The “Translink” Luton Dunstable Busway scheme has been promoted since 1999 as the solution to public transport problems and road congestion in Luton, Liberal Democrats have always been sceptical.
When the Liberal Democrats took control of the Council in 2003 we made the decision to allow the process of development to proceed through the public enquiry stage. There were three reasons for this:-
1. Over £2 million of council taxpayers money had already been spent, primarily on consultants, to develop the scheme and to cancel it would be to write that money off.
2. We were Councillors not traffic and transport experts and we did not feel that we could objectively judge the best transport solution for Luton.
3. We had no alternative proposals.
The only other decision we made was following the pull-out by Beds County Council in February 2005, we would not change our initial view.
The decision of the Secretary of State for Transport in November 2006 to approve the inspectors decision supporting the scheme led to Liberal Democrats expressing the view that we would make a decision on whether to proceed with the scheme when we were satisfied that the capital funding was wholly provided by direct grant; that the scheme was cost neutral in revenue terms; and that the long term maintenance costs could be properly accounted for.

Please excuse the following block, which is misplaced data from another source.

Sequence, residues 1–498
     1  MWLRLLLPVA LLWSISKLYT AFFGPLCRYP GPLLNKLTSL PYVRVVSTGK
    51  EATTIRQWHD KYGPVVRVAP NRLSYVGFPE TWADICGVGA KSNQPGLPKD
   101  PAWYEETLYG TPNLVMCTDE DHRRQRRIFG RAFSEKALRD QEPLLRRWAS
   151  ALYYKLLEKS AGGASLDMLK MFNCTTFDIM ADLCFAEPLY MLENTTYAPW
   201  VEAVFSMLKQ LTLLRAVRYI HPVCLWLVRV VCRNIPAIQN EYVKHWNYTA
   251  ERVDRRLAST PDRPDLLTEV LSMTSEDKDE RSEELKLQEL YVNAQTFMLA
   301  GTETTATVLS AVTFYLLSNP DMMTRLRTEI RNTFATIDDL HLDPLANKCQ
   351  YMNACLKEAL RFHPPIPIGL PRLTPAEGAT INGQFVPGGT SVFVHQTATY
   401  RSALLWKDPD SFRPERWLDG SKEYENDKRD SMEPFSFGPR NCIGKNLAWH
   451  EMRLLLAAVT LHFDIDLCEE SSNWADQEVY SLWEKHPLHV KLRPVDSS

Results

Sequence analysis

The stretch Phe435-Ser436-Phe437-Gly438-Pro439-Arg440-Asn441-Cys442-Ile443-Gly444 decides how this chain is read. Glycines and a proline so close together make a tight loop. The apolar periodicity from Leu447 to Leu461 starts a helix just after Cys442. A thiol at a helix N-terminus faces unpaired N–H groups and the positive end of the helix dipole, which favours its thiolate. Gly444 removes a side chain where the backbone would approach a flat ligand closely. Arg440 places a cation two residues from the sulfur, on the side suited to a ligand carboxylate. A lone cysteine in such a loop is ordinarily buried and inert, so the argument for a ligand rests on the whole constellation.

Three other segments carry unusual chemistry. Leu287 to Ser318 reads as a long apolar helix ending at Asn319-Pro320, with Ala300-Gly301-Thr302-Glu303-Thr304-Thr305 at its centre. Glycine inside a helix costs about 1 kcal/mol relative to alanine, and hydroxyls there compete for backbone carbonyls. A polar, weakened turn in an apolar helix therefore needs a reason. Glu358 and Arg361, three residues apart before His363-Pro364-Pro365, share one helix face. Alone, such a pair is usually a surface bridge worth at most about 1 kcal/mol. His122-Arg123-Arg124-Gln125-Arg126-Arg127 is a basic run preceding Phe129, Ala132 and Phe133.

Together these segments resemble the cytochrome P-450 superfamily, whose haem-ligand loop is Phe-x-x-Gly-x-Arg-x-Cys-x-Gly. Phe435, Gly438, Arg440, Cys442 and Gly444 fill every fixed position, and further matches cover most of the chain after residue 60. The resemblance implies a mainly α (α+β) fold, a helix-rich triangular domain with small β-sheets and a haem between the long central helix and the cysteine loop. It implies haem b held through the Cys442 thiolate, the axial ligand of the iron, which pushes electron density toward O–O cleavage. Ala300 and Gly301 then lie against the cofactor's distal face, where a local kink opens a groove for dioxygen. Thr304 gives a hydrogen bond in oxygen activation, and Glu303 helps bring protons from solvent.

Since the Labour party has taken control of the council in May 2007, they have decided to continue with the promotion of the busway scheme and to commence the procurement process to appoint a contractor.
This represents a major change from the position taken by the Liberal Democrat administration and whilst nobody disputes the importance of improving the quality and frequency of public transport provision and of encouraging more people to travel by public transport more regularly we remain sceptical that this busway represents the best solution.
The Government approval for the scheme referred specifically to the service between Luton Parkway station and London Luton Airport and this section of the route is regarded as a fundamental component of the planned expansion of the airport and the redevelopment of Napier Park (the former Vauxhall site). However, the latest consultants report published in April makes it clear that this section of the route will be on the highway with all the benefits claimed for the segregated guideway being lost. The reason for this change is quite apparent. It is cheaper to construct in this way and that is the reason why the estimated project cost has not increased.
The consultants report also confirms that details of funding from the Department for Transport are required as well as a detailed analysis of the maintenance costs.
With £80 million of public money at stake, it is well worthwhile taking the trouble to satisfy all the essential details before committing to the scheme. That was and remains the Liberal Democrat position, clearly the Labour party are taking a more cavalier approach.